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“In light of that, Romney decided to run as a pro-choice candidate”

“In light of that, Romney decided to run as a pro-choice candidate”

Via Byron York, a preview of a book by Boston journalist Ronald Scott:

According to Scott, Romney revealed that polling from Richard Wirthlin, Ronald Reagan’s former pollster whom Romney had hired for the ’94 campaign, showed it would be impossible for a pro-life candidate to win statewide office in Massachusetts. In light of that, Romney decided to run as a pro-choice candidate, pledging to support Roe v. Wade, while remaining personally pro-life.

And Michele Bachmann chose to go after Newt, who had a 98% pro-life record?  The damage that woman did was enormous, and of course we now know why.

Instead we may get a nominee with poll-driven conviction.  As of 2005 the polls apparently showed that being pro-life was necessary to run for President as a Republican, so he changed his mind.  Let’s hope the polls don’t change.

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Comments

Mitt “The Beach Sandal” Romney checks this device every morning right after he wakes up. (SFW)

“In light of that, Romney decided to run as a pro-choice candidate” Yep. And Massachusetts Citizens for Life promptly endorsed him for Senate! (more)

I live in MA and keep telling myself: I am still sane. I am still sane.

Clearly, political reality has no place in our party. If our candidates aren’t ideologically pure, then by all means let’s hand the country over to the lefties.

    William A. Jacobson in reply to Conrad. | December 30, 2011 at 11:08 am

    Political reality means changing one’s core conviction based on polls?

      Shouldn’t being a representative of the people mean that?

        JerryB in reply to Awing1. | December 30, 2011 at 11:55 am

        “The People” want to murder their offspring. A pro-life candidate for political office should then 1) not run, 2) keep to his convictions, 3) flip? “The People” also say that gov theft and handouts equals compassion. What should a conservative candidate do? Do your answers to these two questions differ? If so, why?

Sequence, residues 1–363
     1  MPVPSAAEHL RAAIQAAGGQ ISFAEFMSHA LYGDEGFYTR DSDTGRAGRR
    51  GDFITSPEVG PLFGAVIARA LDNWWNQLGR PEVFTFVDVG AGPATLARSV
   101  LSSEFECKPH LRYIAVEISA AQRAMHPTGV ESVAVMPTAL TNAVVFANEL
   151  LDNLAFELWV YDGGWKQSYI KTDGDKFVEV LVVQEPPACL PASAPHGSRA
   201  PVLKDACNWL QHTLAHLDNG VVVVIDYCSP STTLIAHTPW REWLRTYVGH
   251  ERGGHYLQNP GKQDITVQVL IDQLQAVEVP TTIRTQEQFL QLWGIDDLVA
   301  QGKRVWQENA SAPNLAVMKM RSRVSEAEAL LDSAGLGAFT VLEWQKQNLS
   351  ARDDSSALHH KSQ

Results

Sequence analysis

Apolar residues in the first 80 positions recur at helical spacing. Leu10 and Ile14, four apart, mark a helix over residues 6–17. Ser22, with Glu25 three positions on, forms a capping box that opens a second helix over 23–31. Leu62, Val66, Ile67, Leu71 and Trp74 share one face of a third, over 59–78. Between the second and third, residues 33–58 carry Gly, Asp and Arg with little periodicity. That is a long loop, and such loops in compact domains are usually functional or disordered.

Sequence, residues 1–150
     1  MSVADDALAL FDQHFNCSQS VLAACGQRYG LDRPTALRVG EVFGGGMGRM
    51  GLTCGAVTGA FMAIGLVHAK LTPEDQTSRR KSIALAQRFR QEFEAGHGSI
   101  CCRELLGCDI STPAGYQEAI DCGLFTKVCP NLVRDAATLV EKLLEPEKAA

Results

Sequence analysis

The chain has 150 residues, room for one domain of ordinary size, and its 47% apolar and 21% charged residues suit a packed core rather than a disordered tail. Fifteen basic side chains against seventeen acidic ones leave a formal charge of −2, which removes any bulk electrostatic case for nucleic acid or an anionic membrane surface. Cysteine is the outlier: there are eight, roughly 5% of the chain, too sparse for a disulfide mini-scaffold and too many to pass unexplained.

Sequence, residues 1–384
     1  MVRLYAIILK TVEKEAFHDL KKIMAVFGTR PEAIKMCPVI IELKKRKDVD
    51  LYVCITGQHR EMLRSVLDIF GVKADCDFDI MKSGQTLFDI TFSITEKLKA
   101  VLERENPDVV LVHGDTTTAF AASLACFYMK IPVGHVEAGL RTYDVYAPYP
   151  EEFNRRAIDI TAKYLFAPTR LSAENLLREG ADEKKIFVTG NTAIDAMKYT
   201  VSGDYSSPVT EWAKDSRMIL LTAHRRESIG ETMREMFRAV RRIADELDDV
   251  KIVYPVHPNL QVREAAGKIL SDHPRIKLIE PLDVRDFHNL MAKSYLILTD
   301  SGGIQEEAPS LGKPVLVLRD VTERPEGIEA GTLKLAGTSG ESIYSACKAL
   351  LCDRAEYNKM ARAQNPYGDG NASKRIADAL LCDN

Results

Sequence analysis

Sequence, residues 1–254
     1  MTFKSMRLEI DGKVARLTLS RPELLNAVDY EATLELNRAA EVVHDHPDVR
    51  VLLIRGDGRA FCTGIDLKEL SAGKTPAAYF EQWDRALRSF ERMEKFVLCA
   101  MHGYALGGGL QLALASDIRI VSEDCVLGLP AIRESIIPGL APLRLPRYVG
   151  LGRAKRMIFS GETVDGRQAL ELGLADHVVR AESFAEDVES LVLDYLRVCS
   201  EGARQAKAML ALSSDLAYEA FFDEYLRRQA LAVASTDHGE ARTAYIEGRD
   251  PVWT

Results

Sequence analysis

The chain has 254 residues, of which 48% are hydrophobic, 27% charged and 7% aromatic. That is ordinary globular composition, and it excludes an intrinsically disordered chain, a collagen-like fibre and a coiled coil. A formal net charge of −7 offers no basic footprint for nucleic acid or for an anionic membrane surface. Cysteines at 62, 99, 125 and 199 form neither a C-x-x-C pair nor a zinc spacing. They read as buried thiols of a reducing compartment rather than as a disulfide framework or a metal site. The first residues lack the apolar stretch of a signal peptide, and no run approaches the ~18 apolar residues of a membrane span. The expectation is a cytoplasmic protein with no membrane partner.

Awing1 in reply to JerryB. | December 30, 2011 at 12:13 pm

          The people get the kind of candidates they deserve, my answer two both of those questions would be the same, don’t run. I don’t like candidates who stick to the party line no matter what, because that type of rigid, unthinking leadership isn’t leadership at all. I generally don’t vote on policy, I vote for candidates that demonstrate the intellect to evaluate situations and make determinations based on the information before them.

          If near-irrifutable evidence came out tomorrow that socialism worked, and everyone benefited from it, I would not want a politician in office who would reject that path on “principle”. I vote for conservative candidates because the evidence weighs considerably in the direction of capitalism. If that wasn’t the case, I would vote the other way.

          Abortion, in my view, is a strictly social issue, because no matter which way you choose, someone’s fundamental rights are being abrogated by government mandate. So, a reasonable leader will look to the views of the populous to determine which way the government should go, since a choice must be made.

No personal convictions or even particular qualifications, but whatever it takes to become the president. Because he’s Mitt Romney, leader of humankind, slated in the next life to become a god on his own planet.

Too bad our current president is not poll driven. He rules AGAINST the will of a conservative leaning public.

TARP, illegal immigration, balanced budget, Obamascare, … all actions against the vast majority.

As for Newt’s consistently sterling conservative credentials, let’s not forget his endorsement of Dede Scozzafava way back in 2009, a woman who voted for same-sex marriage, received an award from a Planned Parenthood affiliate in 2008, supported card check legislation, supported federal funding for abortion, supported Obama’s 2009 stimulus package, refused to rule out support for a health care “public option,” and who ultimately dropped out of the race and threw her support to the dem candidate against the real conservative in that NY special election race.

    janitor in reply to Conrad. | December 30, 2011 at 11:34 am

    He did it because the conservative candidate was not viable, and had no chance of winning. Gingrich wanted to unite the Republicans behind one of the Republican candidates in the three-way race, rather than see the Democrat win, and he chose the one who could have one had Republicans united behind her. There were more important, bigger picture issues. Semi-good is better than no-good. Standing on all-or-nothing principles instead of accepting the most realistic option is foolhardy.